• See Arch Pathol Lab Med 2008;132:1608, Arch Pathol Lab Med 2008;132:84, Arch Pathol Lab Med 2009;133:942
    • This phase requires a report which may be paper, computer screen, verbal or other
      • Pathology is an information business; our product is information in the form of reports, numbers, graphs, pictures, descriptions and diagnoses
      • Our various report formats are the "gift wrap" for our product; this includes the classical paper report, the telephone report and the report appearing on the computer screen
      • The design of the various report formats is the responsibility of the laboratory working with the clinicians and other customers, e.g., nurses, ward clerks
      • Essentials of a good form
        • Visual appeal - include logo - get design help
        • Easy data entry and readability
        • Customized report formats for different customers
        • Zoning, spacing, sequencing, emphasizing and elimination of unnecessary data
      • Establish a system of forms control
        • If there are too many forms, too much paper, poor readability, filing problems
        • Collect all forms, index and classify them, analyze the need for each form, eliminate, consolidate and redesign the essential forms
      • Pathologists' special reporting functions - the TELEPHONE
        • Call the surgeon and attending physician on all malignant, interesting or strange surgical diagnoses
        • Call attending physician about all new panic values or unusual clinical laboratory test results
      • STAT and critical values reporting
        • Criteria for inclusion and ranges by clinicians
        • Reporting methods: phone, computer, text message
        • Hierarchical escalation of reporting
      • HIPAA
        • Privacy protection standards
  • Billing Subsystem
    • Although not included in the original Lundberg Loop, billing is an essential component of laboratory operations and has many requirements that will be discussed in subsequent chapters on financial management
  • References: JAMA 1981;245:1762, JAMA 1998;280:565, Am J Clin Pathol 2011;136:829
Assessing and improving operations
  • Work Flow Analysis
    • Synonyms: process analysis, flow charting, time motion study, function sequencing; this is the best way to learn how your laboratory operates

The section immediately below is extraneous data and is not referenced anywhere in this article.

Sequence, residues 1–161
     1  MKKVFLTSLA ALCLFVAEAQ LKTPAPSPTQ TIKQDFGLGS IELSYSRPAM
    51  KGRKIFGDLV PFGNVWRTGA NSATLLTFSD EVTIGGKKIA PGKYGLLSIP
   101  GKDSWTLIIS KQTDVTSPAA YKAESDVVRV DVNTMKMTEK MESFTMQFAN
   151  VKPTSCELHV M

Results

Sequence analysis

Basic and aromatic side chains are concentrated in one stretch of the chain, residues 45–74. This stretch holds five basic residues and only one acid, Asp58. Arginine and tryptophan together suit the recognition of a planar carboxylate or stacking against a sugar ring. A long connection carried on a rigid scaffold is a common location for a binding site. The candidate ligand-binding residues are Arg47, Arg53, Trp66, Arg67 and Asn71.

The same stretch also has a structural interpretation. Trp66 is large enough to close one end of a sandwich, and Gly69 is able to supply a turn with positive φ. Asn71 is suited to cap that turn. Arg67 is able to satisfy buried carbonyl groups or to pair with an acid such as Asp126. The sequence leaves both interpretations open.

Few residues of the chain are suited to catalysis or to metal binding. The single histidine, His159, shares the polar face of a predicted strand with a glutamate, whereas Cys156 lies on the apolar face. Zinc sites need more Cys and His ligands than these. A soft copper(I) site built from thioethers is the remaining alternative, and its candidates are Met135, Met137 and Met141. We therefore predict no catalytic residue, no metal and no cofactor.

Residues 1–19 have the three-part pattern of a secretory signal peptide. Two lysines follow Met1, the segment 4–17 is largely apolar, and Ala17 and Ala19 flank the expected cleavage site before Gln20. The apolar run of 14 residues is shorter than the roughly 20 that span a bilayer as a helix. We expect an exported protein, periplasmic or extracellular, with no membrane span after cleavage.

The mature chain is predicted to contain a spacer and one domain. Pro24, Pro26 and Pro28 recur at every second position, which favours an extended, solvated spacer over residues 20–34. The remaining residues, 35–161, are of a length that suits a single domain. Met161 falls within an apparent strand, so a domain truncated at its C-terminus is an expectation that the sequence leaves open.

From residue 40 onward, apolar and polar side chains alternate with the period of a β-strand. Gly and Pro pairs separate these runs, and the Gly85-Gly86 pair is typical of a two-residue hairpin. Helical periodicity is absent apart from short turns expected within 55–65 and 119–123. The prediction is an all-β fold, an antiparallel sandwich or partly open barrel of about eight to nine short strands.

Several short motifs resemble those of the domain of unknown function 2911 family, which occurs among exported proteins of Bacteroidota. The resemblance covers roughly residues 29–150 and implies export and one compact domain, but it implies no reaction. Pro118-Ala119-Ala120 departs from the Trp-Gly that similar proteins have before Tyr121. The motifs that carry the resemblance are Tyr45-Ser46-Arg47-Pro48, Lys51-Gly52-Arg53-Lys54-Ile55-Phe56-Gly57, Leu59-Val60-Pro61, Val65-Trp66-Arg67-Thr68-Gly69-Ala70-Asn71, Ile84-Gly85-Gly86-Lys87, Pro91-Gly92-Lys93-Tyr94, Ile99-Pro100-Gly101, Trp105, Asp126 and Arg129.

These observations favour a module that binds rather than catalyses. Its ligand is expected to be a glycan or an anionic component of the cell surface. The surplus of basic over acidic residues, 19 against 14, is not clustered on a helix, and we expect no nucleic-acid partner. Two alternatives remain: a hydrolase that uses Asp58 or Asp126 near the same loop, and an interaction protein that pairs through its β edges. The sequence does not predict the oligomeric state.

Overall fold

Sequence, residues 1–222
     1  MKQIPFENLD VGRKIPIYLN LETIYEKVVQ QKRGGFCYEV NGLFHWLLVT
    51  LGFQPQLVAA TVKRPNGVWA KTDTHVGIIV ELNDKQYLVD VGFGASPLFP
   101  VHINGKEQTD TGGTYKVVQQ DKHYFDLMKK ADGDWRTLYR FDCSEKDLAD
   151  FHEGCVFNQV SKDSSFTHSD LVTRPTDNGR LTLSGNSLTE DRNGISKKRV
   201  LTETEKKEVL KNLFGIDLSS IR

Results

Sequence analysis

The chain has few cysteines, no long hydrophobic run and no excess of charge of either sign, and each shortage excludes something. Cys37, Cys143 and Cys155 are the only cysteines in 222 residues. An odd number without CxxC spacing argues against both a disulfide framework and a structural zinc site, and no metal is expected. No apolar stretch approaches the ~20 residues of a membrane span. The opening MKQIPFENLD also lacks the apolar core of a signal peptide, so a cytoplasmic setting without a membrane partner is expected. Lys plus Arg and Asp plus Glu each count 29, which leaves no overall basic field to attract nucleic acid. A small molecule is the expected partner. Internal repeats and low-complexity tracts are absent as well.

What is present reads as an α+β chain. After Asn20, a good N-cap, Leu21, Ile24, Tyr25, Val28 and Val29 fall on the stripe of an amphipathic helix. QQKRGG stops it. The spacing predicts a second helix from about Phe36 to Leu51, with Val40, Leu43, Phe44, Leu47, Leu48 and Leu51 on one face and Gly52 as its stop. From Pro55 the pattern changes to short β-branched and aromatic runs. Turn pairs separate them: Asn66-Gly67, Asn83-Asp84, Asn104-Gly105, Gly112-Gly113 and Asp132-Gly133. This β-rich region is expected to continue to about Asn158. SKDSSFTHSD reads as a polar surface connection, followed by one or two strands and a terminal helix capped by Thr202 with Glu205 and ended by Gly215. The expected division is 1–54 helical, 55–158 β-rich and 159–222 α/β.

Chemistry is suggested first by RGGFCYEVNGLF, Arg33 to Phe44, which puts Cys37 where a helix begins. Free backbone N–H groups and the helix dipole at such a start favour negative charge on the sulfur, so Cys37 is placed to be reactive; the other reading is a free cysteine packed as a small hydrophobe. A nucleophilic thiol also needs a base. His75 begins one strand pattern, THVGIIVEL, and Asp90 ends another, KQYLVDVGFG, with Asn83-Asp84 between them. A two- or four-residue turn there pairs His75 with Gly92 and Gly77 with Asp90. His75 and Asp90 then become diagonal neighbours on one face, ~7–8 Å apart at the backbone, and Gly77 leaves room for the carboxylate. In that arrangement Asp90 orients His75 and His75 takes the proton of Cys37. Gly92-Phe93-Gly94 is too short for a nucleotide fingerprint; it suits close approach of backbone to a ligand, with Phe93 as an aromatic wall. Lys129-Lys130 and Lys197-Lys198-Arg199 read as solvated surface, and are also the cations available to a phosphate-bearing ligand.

• How to do work flow analysis:
      • Direct observation by Laboratory Director and/or Chief Tech of one work station at a time, for a representative time span
      • Include every step in the testing process
      • Assess all involved personnel, equipment, functions including machine set up time, reagent storage, batching, when work arrives, how work is done, how results are reported, breaks, backup personnel and equipment, interactions with others in the laboratory, distance to storeroom, to computer terminal, availability of terminals, etc.
      • Simple observation and charting of above and reviewing it with the involved personnel can lead to remarkable efficiencies
    • It is essential to perform a work flow analysis for the entire laboratory before embarking on a major new program like installation of a laboratory computer, a collaborative venture or before designing a new laboratory or when assigned to a new laboratory
    • The critical evaluation of the work flow analysis will result in improved efficiency by eliminating duplication, improving staffing and scheduling of personnel, better space and equipment utilization, better computer interfaces, improved reagent and supply management
    • Other project management techniques
      • Gannt Charts - a simple bar chart showing tasks, projects, startup and completion dates; overlapping bars show interrelationship of the various tasks
      • PERT Charts - Program Evaluation and Review Technique: a method for setting time goals, particularly for research and development projects
      • CPM - Critical Path Method: defines the tasks that need to be done, analyzes the sequence in which the tasks must be completed and estimates the time needed for completion; the method uses a diagram which consist of "nodes" representing activities connected by arrows showing the relationships among the activities
  • How to Assess a Laboratory
    • Is management system evident
      • Is an organizational chart visible?
      • Are policy and procedure manuals evident?
    • Safety, environment, cleanliness, order
      • Good lighting, air quality, noise levels
    • Scheduling system
    • Teamwork and motivation
      • Are performance goals and achievements posted and visible?
    • Space utilization, movement of materials, products
      • Well labeled storage
      • Crowding, use of hallways
    • Maintenance of equipment and tools
      • Are preventive maintenance schedules posted and visible?